Senator Kim Pate: “This Prisoners’ Justice Day, and every day, let us honour those who have died, including as a result of COVID-19 and other illnesses and conditions that are preventable and treatable in our communities, and as a result of systemic silence, neglect, discrimination and violence.”
To mark Prisoners’ Justice Day, August 10, Books Beyond Bars will hold a panel discussion tomorrow featuring people who have experienced incarceration.
I remember being taken aback when I first arrived in Nova Scotia a long time ago, reading the full names and addresses of people involved in the criminal justice system in the newspapers. In Holland, where I was born, identities of accused and even convicted people are never published. If it were up to me Canada would follow the dutch example, but I realize that’s asking for a huge change. That said, I would love to see a discussion about those cases where people are merely charged with a crime. Do we really need to know their names?
People imprisoned at the Ottawa-Carleton Detention Centre (OCDC) are conducting a hunger strike after the jail failed to honour the agreement that brought a previous hunger strike to an end on June 4. This is a letter in support of their efforts by the people engaged in the 2018 Burnside prison strike.
Martha Paynter, Keisha Jefferies and Leah Carrier: “Nursing has a long history of complicity in exclusion, oppression, and exploitation of BIPOC. Changing that course requires abolitionist action, and the 2020 International Year of the Nurse and Midwife should be devoted to that change.”
As soon as COVID-19 spread to North America, health professionals, scholars and activists expected widespread outbreaks in prisons. Advocates pleaded for governments to release prisoners. One province, Nova Scotia, heeded this call.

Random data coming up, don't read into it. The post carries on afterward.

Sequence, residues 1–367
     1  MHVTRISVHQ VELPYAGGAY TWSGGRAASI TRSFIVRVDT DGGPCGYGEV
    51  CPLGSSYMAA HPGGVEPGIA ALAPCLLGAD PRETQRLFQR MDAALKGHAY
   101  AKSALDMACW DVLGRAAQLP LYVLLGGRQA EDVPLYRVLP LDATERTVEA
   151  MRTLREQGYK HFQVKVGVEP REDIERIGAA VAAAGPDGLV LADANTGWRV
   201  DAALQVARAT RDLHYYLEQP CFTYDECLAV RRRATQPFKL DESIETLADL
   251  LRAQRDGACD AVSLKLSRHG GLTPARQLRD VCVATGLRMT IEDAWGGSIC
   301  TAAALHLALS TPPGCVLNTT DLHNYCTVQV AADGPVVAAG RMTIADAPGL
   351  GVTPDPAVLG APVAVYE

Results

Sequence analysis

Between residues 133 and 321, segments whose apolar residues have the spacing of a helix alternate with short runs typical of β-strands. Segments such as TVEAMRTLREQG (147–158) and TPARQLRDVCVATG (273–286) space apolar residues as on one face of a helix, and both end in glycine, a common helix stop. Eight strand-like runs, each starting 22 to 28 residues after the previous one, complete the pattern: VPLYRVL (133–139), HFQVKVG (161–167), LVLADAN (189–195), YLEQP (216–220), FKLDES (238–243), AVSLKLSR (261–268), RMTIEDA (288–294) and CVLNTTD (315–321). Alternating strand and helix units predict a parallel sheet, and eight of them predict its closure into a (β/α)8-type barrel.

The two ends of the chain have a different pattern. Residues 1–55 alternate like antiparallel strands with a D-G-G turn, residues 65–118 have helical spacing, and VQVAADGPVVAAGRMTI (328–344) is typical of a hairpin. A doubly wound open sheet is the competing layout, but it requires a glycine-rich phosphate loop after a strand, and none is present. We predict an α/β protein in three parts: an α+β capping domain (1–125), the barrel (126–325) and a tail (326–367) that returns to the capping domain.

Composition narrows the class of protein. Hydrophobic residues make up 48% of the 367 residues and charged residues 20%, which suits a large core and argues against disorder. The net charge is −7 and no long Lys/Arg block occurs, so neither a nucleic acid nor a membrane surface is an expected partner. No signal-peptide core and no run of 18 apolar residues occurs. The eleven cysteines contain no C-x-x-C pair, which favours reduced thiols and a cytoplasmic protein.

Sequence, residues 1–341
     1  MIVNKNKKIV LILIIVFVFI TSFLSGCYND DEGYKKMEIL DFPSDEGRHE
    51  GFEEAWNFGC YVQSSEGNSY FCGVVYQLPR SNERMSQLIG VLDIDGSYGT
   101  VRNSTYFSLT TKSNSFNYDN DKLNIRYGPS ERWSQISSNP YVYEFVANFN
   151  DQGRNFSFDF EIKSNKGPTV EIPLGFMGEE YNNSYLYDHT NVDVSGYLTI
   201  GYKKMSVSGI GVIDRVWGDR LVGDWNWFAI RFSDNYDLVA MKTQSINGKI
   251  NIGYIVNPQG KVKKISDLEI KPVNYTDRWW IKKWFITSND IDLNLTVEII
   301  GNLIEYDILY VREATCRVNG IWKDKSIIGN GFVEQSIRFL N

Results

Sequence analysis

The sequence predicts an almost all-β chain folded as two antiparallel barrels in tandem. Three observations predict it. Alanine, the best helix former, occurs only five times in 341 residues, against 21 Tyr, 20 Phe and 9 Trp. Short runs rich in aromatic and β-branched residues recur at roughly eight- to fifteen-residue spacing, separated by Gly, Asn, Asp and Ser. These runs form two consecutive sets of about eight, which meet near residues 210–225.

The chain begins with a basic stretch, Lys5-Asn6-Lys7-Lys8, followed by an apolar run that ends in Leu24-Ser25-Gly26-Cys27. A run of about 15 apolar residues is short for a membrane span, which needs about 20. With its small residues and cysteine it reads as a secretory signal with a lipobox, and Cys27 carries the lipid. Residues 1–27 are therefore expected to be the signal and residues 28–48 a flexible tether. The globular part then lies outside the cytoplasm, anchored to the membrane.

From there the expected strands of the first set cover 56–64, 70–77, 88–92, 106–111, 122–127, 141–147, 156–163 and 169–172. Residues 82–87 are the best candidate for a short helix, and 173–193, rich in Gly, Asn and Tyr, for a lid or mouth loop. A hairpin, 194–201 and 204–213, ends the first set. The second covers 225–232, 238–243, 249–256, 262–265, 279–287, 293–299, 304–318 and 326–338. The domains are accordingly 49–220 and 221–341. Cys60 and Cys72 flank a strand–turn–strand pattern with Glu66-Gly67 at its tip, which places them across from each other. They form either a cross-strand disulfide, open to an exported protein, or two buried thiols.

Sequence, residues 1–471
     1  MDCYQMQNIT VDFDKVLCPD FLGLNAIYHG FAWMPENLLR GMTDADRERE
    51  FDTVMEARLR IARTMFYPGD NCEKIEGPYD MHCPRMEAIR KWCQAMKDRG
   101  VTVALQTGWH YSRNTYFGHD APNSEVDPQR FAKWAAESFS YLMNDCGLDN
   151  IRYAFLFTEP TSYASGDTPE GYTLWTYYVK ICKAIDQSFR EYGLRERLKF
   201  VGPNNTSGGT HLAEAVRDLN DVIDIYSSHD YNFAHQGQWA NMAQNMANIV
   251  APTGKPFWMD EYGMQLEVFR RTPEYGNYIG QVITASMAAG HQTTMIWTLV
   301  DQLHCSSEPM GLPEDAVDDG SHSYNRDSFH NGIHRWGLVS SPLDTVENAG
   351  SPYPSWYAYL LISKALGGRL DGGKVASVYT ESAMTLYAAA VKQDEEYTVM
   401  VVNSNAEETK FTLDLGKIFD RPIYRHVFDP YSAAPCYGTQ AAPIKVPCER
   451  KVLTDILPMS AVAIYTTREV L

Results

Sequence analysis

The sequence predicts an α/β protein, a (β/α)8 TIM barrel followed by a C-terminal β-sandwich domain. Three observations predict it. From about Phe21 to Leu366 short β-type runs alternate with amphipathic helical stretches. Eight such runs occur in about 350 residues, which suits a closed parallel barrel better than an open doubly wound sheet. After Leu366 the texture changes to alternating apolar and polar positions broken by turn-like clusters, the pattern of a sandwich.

The joint housing initiative between John Howard, Elizabeth Fry Mainland and Coverdale that has supported 34 people who have exited jail during the pandemic is being shut down as of June 30 as the federal funding has ended. Despite the groups’ best efforts we have received no commitment from the provincial government. Sara Tessier is a peer support worker for the project and has penned this op/ed.
Three community-based organizations serving criminalized people in Nova Scotia have developed and launched a pilot housing project to support people exiting jail during the global pandemic Covid-19.
News release: Today, The Canadian Association of Elizabeth Fry Societies (CAEFS) – along with the Atlantic Elizabeth Fry Societies – have learned that a former Correctional Officer at the Nova Institution for Women was arrested and charged with 6 counts of sexual assault, 6 counts of breach of trust, and 1 count of trying to procure sexual service – all related to his work at the Institution.
oday, Abolition Coalition member groups from coast-to-coast will drive past sites of confinement and hold online caravans to demand freedom for prisoners and migrant detainees subject to the violence of the Canadian carceral state during the pandemic.